What Are the Stages of Staircasing?
As mentioned above, staircasing’s first stage is choosing the number of property shares that you’re going to work with. About 1% of staircasing is done at each time, allowing you to slowly buy and gain the other shares of the property through increments. Depending on their situation, some homebuyers can have their staircase go from 10% to 80% all at once.
Regardless, the strong start you get with beginning the staircasing process allows you to transition and build up enough property shares, almost characterised as taking a step up a flight of stairs. This period of accumulating and growing up to having 100% of the property shares is referred to as the interim staircasing stage.
After interim staircasing comes the final staircasing stage, which pretty much entails the end of the line. You’re able to purchase the remaining property shares and finally absorb ownership of the property. Instead of being a shared owner with a housing provider or association, you attain sole property ownership.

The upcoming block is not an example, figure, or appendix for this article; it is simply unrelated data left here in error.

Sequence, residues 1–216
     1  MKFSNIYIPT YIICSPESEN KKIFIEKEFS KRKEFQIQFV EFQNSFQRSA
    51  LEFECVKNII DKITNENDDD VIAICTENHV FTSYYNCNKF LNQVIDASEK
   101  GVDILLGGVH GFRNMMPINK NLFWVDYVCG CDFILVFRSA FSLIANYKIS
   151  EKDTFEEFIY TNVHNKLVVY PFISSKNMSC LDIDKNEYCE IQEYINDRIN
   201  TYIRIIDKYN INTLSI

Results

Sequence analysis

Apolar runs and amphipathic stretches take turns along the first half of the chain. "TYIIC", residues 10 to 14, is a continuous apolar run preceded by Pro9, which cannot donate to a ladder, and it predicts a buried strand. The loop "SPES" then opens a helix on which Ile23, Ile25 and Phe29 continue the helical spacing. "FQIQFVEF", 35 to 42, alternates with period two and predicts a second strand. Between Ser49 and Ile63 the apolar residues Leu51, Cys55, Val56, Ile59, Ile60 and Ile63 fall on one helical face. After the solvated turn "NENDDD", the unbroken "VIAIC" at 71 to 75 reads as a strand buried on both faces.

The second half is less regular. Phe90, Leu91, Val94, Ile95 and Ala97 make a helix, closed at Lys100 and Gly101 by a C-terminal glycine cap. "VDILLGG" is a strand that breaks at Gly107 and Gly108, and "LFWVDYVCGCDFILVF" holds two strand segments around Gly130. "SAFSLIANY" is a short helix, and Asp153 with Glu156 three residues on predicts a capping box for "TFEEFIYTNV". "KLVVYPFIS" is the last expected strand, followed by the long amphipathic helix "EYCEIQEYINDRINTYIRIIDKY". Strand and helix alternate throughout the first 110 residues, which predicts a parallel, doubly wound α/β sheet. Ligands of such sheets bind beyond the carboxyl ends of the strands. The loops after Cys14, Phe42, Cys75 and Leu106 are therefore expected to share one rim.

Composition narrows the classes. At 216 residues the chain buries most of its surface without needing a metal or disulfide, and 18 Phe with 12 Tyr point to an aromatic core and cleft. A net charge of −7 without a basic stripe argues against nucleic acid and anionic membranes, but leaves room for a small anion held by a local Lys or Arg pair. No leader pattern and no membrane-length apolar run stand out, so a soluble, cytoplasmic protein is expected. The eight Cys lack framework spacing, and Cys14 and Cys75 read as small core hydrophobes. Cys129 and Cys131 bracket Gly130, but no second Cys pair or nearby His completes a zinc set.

What Are the Advantages of Staircasing?
As discussed above, the main advantage of staircasing is the effect that it can provide with rent instead. Each percentage that you end up with staircasing results in a decrease in your rent payment every time. Wielding 75% of property shares during the interim staircasing stage means a significant decline. The rent goes to zero by the time you complete staircasing.
Staircasing also means eventually getting ownership of the property. As long as the property isn’t a flat, you wouldn’t have to face leaseholds or service charges in addition to the expenses at the end of the process either. Getting a full-fledged home to yourself allows you to transfer or resell the property at 100% value rather than the limited shares you hold under your wing.
What Are the Disadvantages of Staircasing?
A specific disadvantage when it comes to staircasing is how you need to aim for a particular property type if you want to avoid leaseholds and service charges. The weight of too many additional expenses can always seem a little too heavy, so be wiser about the property type that you commit to a staircase.